You're eligible to keep those Immediately, but remember that you don't get those four percent additional matching contributions until you've been in for two years of service. So you can think of it as okay. I get it immediately, but I already served two years. So basically vesting for anything that the DOD is kicking into your account not out of your paycheck, but on their own behalf, you're going to have to wait two years to get that vested.

But once you've served those two years, let's say that you get a whole year of contributions. You don't have to wait another two years. Those contributions in that third year, you get to walk away with as soon as you leave the military. So I left the military after 12 years. I was in the BRS for five of those years and all of the contributions, the agency matchings, which added up to several thousands of dollars.

When I left the military, they're all still sitting in my TSP, but if I moved that money to, let's say an individual retirement account or to a 401k account to consolidate my accounts, then I would keep all that money that the DOD kicked into my account. 

[00:13:10] Jamie: Okay. We mentioned earlier that there are options inside of the TSP of how to employ your money in different investment options.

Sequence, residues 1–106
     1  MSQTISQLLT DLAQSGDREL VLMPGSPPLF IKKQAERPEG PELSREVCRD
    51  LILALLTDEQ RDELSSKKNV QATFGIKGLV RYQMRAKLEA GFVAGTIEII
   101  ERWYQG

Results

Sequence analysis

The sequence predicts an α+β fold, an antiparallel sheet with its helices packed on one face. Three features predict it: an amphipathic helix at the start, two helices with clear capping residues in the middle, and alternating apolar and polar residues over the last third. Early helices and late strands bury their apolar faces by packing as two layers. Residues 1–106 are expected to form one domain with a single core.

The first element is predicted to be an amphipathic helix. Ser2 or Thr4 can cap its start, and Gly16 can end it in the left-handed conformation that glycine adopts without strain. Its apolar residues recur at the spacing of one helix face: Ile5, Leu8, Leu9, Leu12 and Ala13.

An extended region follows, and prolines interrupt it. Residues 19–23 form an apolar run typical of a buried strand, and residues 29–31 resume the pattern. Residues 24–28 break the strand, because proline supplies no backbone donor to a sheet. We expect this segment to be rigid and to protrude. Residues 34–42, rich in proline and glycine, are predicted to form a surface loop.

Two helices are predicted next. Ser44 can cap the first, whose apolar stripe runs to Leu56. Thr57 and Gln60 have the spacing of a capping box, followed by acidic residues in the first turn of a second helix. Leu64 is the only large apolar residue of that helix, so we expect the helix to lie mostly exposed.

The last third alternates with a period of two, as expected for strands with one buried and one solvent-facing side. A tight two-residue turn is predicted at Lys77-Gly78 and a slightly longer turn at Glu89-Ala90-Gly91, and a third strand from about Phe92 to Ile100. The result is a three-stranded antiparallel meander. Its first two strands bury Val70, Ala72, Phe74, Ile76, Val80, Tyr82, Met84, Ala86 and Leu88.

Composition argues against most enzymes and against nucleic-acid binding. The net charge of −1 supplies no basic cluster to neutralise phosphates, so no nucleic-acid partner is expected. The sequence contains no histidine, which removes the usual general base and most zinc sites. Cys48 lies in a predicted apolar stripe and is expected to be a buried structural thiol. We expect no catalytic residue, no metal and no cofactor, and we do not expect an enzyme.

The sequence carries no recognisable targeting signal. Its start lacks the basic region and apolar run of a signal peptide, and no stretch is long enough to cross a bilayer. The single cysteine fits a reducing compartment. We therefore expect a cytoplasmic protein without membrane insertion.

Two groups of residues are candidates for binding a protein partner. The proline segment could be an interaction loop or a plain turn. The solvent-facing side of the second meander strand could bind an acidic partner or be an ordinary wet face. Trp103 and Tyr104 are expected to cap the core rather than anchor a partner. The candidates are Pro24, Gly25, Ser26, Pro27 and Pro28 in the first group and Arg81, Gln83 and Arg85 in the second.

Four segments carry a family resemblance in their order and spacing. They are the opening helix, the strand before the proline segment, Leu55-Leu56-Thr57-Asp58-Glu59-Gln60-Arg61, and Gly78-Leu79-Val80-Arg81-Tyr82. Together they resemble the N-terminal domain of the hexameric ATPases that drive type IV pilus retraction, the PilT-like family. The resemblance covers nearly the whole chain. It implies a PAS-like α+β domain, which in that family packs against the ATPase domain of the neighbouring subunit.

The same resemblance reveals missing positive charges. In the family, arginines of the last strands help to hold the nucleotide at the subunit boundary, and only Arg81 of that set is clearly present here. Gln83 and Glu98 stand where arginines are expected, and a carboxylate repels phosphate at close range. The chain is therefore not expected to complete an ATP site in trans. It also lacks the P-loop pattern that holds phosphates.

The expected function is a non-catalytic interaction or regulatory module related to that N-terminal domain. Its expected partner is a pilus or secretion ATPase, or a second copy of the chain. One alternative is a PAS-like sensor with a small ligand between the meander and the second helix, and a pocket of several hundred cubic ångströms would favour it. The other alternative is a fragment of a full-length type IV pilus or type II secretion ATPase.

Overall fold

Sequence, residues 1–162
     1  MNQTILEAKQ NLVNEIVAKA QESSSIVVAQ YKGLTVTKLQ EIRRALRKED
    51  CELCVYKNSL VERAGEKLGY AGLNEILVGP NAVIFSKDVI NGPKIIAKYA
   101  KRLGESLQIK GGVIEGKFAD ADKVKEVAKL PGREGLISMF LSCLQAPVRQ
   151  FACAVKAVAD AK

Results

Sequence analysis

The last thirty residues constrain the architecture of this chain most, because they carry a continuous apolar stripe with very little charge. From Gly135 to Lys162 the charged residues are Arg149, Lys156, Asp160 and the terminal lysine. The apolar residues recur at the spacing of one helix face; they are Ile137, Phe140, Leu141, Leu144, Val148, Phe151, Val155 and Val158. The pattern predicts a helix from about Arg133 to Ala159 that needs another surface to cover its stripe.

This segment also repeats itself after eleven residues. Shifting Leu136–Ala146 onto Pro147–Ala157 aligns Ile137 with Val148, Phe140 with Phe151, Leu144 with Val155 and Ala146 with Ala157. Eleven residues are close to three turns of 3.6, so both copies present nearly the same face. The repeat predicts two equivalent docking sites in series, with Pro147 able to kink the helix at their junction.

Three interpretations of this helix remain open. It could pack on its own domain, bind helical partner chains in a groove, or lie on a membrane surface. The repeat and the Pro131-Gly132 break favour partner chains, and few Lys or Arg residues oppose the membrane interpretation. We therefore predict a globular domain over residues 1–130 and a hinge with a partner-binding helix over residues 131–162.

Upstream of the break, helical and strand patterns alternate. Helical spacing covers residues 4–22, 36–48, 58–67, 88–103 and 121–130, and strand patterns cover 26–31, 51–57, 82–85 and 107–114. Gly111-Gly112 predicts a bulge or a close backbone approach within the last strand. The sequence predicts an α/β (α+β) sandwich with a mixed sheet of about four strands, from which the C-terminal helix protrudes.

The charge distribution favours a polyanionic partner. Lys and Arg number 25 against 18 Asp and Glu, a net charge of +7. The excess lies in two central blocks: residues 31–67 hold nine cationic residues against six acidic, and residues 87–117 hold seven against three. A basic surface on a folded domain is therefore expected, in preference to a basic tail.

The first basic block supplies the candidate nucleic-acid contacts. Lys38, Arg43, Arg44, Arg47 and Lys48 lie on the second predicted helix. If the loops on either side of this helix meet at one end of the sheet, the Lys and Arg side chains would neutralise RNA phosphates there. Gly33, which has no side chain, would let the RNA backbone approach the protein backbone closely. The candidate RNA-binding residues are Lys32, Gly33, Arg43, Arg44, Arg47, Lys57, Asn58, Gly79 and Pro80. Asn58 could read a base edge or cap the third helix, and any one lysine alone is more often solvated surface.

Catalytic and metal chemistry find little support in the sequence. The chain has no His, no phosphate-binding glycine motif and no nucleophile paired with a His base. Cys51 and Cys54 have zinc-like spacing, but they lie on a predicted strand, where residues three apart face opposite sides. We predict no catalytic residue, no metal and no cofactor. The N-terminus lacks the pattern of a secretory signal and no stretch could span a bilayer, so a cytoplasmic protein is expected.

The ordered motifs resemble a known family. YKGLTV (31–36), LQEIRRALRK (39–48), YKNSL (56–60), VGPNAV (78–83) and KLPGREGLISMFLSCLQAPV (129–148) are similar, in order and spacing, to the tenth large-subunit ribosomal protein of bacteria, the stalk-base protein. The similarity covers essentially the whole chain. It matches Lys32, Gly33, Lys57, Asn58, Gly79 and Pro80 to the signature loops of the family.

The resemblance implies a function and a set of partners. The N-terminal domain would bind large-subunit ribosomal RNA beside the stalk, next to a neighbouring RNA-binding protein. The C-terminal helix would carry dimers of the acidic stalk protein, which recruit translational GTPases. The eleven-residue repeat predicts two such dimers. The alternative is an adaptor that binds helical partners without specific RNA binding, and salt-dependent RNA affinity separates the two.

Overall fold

We said that you're automatically enrolled in the lifecycle at 5%. So can we talk about a lifecycle fund? What is that, and then how are those adjusted over time?

[00:13:26] Spencer: So lifecycle funds are a great option if you just joined the military and especially if you're not a confident TSP investor. What they do is they're professionally managed portfolios that are made up of the five core TSP funds.

The C, S, I, F, and G fund. And we'll talk in detail about what all those letters mean in just the alphabet soup. But there are 10 lifecycle funds. And when, let's say you joined the military today in 2023, you would be put into the life cycle 2065 fund because basically what the government is guessing is that you're going to be accessing those funds sometime 40 years in the future.

So that makes sense. Let's say you enlist when you're like 20 years old or so and the traditional retirement age is 60 and for the TSP, you can access the funds completely penalty free and any tax penalty free after age 59 and a half. That's standard for 401ks and IRAs as well. So the L2065 fund you'll hear described, you can think of it as a target date retirement fund.